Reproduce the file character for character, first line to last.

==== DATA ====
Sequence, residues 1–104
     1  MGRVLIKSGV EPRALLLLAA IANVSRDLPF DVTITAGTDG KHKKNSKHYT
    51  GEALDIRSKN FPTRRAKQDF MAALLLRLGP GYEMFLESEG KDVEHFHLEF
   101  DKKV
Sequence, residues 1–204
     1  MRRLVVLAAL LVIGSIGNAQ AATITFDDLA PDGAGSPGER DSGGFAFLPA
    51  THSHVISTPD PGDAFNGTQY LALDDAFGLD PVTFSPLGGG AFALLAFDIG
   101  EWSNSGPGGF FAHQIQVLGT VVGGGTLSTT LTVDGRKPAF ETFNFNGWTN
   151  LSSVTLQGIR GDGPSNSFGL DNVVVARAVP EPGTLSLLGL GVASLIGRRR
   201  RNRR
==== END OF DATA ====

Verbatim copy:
Sequence, residues 1–104
     1  MGRVLIKSGV EPRALLLLAA IANVSRDLPF DVTITAGTDG KHKKNSKHYT
    51  GEALDIRSKN FPTRRAKQDF MAALLLRLGP GYEMFLESEG KDVEHFHLEF
   101  DKKV
Sequence, residues 1–204
     1  MRRLVVLAAL LVIGSIGNAQ AATITFDDLA PDGAGSPGER DSGGFAFLPA
    51  THSHVISTPD PGDAFNGTQY LALDDAFGLD PVTFSPLGGG AFALLAFDIG
   101  EWSNSGPGGF FAHQIQVLGT VVGGGTLSTT LTVDGRKPAF ETFNFNGWTN
   151  LSSVTLQGIR GDGPSNSFGL DNVVVARAVP EPGTLSLLGL GVASLIGRRR
   201  RNRR